• Testimonials are another powerful example of pointing to others’ opinions. We discussed the finer points of maximizing their effectiveness in our article: Seven ways to make your testimonials work harder.
  • Social media. Of course, few proof elements are as powerful as a YouTube video or Kickstarter campaign that goes viral. But even just a solid performance is something worth linking to from your site. Where possible, try to display the social proof on your site so visitors don’t fall down social-media rabbit holes, never to return.

4. Show how the product or service is used

This is similar to a demo, but the focus is on “use cases” that illustrate different deployments. This kind of proof is valuable because it relieves visitors from the burden of imagining how the product or service might work for their situation.

One of our clients, Textmagic, does an excellent job of this. The website allows you to filter which industry you want to see a case study from:

A drop-down box allowing users to view case studies by industry.
The dropdown has dozens of industries to choose from

5. Display authority

There’s so much you can do in this category:

  • List logos of the companies that work with you. We “eat our own dog food” by continually updating our webpage that contains both logos and testimonials. We point out that it’s 24 feet long. Tip: Be sure to show logos in their brand colors. Designers often like to gray out all brands but their own. Bad idea. You want busy visitors to instantly recognize the powerful brands you list. Showing all of them in gray creates a weaker connection with the brands.
  • List awards and industry certifications. Not only are these proof elements, but they’re another way to identify with your target audience. If you sell software to video editors, then getting an industry award might elevate you in the eyes of your visitors. The same is true for industry certifications that are known to be hard to achieve. And don’t just mention that you got the certification; show the logo or other proof of it, the way we do with awards we got from The Queen.
  • Demonstrate industry involvement. If your founder was the past president of an industry association, say so. If a process of yours was written up in a respected journal, don’t just say so, but show a thumbnail of the journal’s cover.

Is all this worth it?

Providing so much proof may seem like a lot of work, and it can be. Many companies either don’t know about these multiple ways of proving their statements and value, or they don’t make the effort to include them. It’s possible to come up with all sorts of excuses; but excuses are just that, unless one takes the trouble to do proper testing, and to see what moves the needle.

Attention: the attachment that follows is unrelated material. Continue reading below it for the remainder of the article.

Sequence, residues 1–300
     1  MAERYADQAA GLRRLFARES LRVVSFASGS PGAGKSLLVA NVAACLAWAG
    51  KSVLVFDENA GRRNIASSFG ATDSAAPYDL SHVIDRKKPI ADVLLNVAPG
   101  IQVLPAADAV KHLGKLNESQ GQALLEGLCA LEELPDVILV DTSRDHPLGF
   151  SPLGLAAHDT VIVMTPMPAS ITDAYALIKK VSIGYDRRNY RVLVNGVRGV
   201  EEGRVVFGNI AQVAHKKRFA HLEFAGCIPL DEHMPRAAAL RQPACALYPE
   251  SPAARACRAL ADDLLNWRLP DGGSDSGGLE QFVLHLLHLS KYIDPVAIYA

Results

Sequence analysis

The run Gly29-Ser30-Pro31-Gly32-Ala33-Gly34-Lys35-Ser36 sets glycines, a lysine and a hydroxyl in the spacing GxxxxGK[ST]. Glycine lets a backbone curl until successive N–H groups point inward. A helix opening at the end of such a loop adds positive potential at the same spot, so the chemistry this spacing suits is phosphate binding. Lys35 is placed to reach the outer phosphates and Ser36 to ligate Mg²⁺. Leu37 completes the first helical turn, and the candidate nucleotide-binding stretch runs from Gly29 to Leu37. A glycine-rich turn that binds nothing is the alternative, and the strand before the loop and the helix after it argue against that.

Just remember:

  • We’re all consumers;
  • We are regularly expected to take bold claims on faith; and
  • When we’re not convinced, we click away without that seller knowing why.

Be the competitor that forges strong chains between what you say your product or service will do, and the proof to back your claims.

You’ll stand out like a golden thumb.

How much did you like this article?

What’s your goal today?

1. Hire us to grow your company

We’ve generated hundreds of millions for our clients, using our unique CRE Methodology™. To discover how we can help grow your business:

Schedule your FREE strategy session

2. Learn how to do conversion

Download a free copy of our Amazon #1 best-selling book, Making Websites Win, recommended by Google, Facebook, Microsoft, Moz, Econsultancy, and many more industry leaders. You’ll also be subscribed to our email newsletter and notified whenever we publish new articles or have something interesting to share.

Browse hundreds of articles, containing an amazing number of useful tools and techniques. Many readers tell us they have doubled their sales by following the advice in these articles.

Download a free copy of our best-selling book

3. Join our team

If you want to join our team—or discover why our team members love working with us—then see our “Careers” page.

4. Contact us

We help businesses worldwide, so get in touch!

© 2024 Conversion Rate Experts Limited. All rights reserved.